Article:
OSWEGO, NY Ã¢â‚¬â€œ Two board of education members defended their stance that teachers should teach six periods out of their nine-period days.
During the public session of Tuesday night’s school board meeting, Ann Losurdo took board member Fran Hoefer to task for his views on a six-period day and teachers in general.
“Growing up, my parents warned me not to believe everything I heard or read. I am passing that warning along to the residents of Oswego with regard to Mr. Hoefer’s unfound allegations of teachers not spending time on what they’ve been hired to do,” she said. “I would like Mr. Hoefer to produce factual proof, not fabricated ‘proof’ that the high school teachers (or any other teachers in the district for that matter) are doing less than they were hired to do.”
She accused the maverick board member of “crunching numbers” to prove his argument.
“Just walk into any building at any time and you’ll be hard-pressed to find a regular class of 11 students (as Hoefer claims),” she continued. “But Mr. Hoefer would make you think that is the norm and the district can afford to fire 17 percent of its teachers.”
Before pressing for high school teachers to teach a sixth class, Hoefer should make it his business as an elected representative of the people to visit the school and familiarize himself with the scheduling process and all the activities, not just assigned duties, that the teachers are expected by the administration to perform or participate in during the contractual school day, Losurdo said.
That means, she continued, time spent contacting parents, attending meetings, remediation of students due either to absences or lack of student understanding, discipline, grading papers, creating lessons, test preparation, test item analysis, curriculum mapping,Ã‚Â curriculum gap analysis, and as a result of the findings of the analysis, make the necessary curriculum or lesson changes etc.
Hoefer has also been outspoken about teachers leaving school during the day.
They are allowed to do so by contract; and if Hoefer isn’t happy with that, she suggested he address it in the next contract negotiation.
“If a teacher is seen out of the building during the school day, did it ever occur to Mr. Hoefer or any other city resident that the person might have a personal or sick day?” she asked.
Those who abuse or ignore the contract should be dealt with by the building administrator, she added.
Comparing working in the public sector to working in the private sector is comparing apples to oranges, she told the board.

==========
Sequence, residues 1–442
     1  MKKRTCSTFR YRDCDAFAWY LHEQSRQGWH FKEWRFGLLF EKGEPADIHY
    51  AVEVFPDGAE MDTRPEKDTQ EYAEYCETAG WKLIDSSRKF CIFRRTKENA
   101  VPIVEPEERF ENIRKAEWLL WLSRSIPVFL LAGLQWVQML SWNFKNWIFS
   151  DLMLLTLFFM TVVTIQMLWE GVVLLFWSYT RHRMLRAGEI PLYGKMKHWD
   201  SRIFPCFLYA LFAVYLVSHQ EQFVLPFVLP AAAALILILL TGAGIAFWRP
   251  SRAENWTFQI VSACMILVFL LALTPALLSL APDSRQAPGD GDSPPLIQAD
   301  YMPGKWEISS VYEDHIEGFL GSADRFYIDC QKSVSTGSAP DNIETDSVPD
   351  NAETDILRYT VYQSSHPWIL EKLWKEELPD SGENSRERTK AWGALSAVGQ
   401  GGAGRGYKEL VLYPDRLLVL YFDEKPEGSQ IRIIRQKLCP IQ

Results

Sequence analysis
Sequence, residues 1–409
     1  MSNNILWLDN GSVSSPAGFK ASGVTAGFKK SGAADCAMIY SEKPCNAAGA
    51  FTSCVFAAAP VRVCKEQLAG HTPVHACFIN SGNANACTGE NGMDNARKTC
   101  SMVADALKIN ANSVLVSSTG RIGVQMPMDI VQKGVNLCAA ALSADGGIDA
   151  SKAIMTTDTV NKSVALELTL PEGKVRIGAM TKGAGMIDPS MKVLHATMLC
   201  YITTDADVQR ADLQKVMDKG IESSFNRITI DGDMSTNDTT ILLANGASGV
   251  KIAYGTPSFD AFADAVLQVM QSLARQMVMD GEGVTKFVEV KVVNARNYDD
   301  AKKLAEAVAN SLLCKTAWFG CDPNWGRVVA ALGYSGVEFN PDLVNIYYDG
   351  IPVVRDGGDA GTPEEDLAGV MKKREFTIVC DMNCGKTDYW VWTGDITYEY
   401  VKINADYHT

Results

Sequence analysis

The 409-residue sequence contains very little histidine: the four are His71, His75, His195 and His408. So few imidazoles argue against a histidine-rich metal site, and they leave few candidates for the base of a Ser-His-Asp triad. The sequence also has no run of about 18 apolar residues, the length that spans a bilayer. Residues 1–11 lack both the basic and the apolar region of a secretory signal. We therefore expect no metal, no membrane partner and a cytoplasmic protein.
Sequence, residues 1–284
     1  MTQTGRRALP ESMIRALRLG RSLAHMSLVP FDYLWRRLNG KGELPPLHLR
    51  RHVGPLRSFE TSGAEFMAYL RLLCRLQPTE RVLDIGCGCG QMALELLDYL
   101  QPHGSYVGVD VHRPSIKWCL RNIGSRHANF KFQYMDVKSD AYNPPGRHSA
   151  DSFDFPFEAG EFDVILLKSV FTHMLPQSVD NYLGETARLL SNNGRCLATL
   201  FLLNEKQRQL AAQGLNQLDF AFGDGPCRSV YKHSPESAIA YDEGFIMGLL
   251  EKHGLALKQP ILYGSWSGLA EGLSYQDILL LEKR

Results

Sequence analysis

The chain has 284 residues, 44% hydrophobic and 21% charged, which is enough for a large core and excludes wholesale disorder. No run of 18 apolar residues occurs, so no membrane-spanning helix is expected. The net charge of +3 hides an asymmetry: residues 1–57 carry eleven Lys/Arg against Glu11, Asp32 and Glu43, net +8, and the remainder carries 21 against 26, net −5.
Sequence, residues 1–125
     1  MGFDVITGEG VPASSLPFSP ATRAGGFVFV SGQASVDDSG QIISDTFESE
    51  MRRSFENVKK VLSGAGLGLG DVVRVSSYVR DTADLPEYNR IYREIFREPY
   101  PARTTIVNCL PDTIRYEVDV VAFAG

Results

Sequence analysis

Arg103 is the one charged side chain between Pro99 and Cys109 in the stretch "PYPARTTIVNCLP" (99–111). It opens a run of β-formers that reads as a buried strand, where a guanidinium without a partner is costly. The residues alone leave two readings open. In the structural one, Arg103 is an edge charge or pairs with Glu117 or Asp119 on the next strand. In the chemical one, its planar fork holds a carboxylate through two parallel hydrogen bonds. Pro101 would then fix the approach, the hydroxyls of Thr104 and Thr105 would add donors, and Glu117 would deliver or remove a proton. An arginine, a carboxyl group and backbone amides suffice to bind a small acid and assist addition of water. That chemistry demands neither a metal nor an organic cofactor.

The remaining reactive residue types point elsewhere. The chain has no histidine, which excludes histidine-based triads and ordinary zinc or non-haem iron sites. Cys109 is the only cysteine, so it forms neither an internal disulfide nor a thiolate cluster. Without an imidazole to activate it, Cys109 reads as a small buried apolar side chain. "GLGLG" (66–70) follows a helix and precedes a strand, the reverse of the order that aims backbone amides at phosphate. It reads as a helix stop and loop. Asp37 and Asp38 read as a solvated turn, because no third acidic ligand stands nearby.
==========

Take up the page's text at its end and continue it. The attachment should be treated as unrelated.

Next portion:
“The citizens of Oswego deserve something that, so far Mr. Hoefer, you have not provided, the truth, the whole truth and nothing but the truth,” Losurdo concluded.
Board member John Dunsmoor said he didn’t understand why people were upset with Hoefer and himself for suggesting teachers teach one more period a (school) day.
“It is a win-win for everybody,” he said. “It puts teachers in front of students; gives them more time on task. I’m still confused as to why people are taking a shot at Fran like he’s trying to make somebody do more work, or myself. Because, every time I look at it, you’re teaching six periods, you’re going to lose a duty when you’re teaching six periods. To me it’s all been common sense from day one where you brought it up. I wasn’t looking to make someone work harder. It was common sense that they’d be in front of students more often.”
He said he didn’t understand why people were getting offended by discussion about the possibility of going to a six-period school day.
“It’s a win-win for the students. It’s a win-win for the teachers. It’s a win-win for the administrators to have an easier scheduling pattern,” he said. “For me it’s a win-win for the taxpayers because what’s going to happen with that is when you do have schedule times more open then you’ll be able to fill the schedule; I’d like to see it on paper to prove that fact, but you’re going to end up with an even disperse of students in the classes and if some people do retire you might end up being able to free up a few spots.”
He said he doesn’t see Hoefer as being malicious in proposing the idea.
“I think he’s looking for a better system for our education,” he said.
“When you make snide remarks or nasty remarks about people that work you and then you turn around and say, ‘Gee we’d like you to do this or that’ (they are reluctant),” board member Dave White pointed out. “I understand the frustration some times when you want to do these things, you get bogged down with contractual obligations, you have to know in relation to the space we have how many teachers can we do this with.”
In his experience, he has found that it is hard to get someone to do something if you’re calling him names, White said alluding to Hoefer’s long-standing feud with teachers.
He should tone down the rhetoric a little bit, White said, adding beating someone over the head with a hammer doesn’t work.
“I think part of the problem with the six-period discussion is that emotions get carried away,” White noted.
“There is definitely a misunderstanding as to what a teacher’s day is like,” agreed board member Tom DeCastro.
He suggested that Dunsmoor “take Fran by the hand” and spend two or three days in Oswego High School “and find out what your dedicated teachers are doing daily. And then, from that, see if you still think that six classes is going to a win-win because in the long-run you’re going to end up hurting the kids.”